The Justice Department said Monday (July 19) that it has formally changed its policy to restrict the use of “compulsory processes” — such as subpoenas — to get information or records from members of the press on activities in the course of doing their jobs and in the “scope” of newsgathering.
The policy, effective immediately, was announced in a memo to department staff leadership by Attorney General Merrick Garland.
Garland has asked a deputy attorney general to look into codifying the policy into department regulations to ensure the “durability” of the change, and added that he supports legislation that would protect the news media.
The Justice Department had already announced that it would not be issuing subpoenas for reporters' records in leak investigations.
The changes in policy followed a report in The New York Times that not only was the Biden White House continuing the pursuit of records from Times reporters, a holdover from a Trump-era investigation, but that it had issued a gag order preventing the publisher’s executives from talking about the matter, even to its own staff.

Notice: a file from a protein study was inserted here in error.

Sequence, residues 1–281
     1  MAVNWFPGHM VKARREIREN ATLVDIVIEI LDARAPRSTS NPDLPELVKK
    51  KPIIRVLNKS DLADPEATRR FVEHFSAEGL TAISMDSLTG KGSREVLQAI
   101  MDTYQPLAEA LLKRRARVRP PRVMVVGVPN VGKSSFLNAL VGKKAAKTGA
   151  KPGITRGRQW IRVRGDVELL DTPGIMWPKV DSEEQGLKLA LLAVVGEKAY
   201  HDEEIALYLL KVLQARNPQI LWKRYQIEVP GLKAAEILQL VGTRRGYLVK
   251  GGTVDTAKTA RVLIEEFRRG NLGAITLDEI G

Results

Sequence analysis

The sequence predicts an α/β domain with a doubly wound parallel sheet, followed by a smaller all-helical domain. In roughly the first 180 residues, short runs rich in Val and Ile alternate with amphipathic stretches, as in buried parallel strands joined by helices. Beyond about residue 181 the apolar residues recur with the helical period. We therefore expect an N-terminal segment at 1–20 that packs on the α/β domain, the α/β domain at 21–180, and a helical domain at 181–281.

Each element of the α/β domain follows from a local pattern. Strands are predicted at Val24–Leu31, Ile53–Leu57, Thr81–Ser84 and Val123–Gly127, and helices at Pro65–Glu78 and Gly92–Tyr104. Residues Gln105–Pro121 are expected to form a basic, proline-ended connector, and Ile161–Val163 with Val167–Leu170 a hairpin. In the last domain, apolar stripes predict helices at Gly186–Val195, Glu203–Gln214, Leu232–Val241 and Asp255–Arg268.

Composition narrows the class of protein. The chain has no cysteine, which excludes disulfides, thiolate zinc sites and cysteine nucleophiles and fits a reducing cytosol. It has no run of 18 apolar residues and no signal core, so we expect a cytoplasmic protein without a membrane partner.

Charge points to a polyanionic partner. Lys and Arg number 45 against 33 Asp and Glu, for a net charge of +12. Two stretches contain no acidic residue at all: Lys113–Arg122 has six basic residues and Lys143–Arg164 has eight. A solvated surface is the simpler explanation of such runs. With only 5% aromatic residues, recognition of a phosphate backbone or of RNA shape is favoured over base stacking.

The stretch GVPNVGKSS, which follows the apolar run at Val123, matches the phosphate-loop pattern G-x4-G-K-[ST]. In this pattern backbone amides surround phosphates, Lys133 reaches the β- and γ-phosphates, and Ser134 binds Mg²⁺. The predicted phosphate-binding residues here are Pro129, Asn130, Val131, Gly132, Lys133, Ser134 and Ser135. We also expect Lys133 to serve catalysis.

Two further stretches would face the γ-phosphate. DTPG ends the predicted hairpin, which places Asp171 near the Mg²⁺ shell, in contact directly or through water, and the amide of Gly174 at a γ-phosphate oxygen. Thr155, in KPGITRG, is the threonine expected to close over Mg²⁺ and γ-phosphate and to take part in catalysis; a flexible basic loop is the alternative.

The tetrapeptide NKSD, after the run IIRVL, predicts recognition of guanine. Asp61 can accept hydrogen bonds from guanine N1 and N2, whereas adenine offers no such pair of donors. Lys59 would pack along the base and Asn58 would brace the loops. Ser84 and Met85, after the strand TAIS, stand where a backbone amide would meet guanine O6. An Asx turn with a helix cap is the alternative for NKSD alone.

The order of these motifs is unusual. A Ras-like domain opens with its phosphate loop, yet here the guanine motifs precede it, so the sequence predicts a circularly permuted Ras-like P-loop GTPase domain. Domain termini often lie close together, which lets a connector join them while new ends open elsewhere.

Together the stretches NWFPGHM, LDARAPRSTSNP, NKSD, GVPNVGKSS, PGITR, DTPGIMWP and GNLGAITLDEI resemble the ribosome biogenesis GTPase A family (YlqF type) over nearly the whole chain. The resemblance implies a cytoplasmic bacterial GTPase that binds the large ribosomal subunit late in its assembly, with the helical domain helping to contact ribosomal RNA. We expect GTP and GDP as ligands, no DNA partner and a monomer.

CNN also reported that the Trump administration had obtained phone records and email messages from the network’s correspondents as part of leak investigations.
Contributing editor John Eggerton has been an editor and/or writer on media regulation, legislation and policy for over four decades, including covering the FCC, FTC, Congress, the major media trade associations, and the federal courts. In addition to Multichannel News and Broadcasting + Cable, his work has appeared in Radio World, TV Technology, TV Fax, This Week in Consumer Electronics, Variety and the Encyclopedia Britannica.
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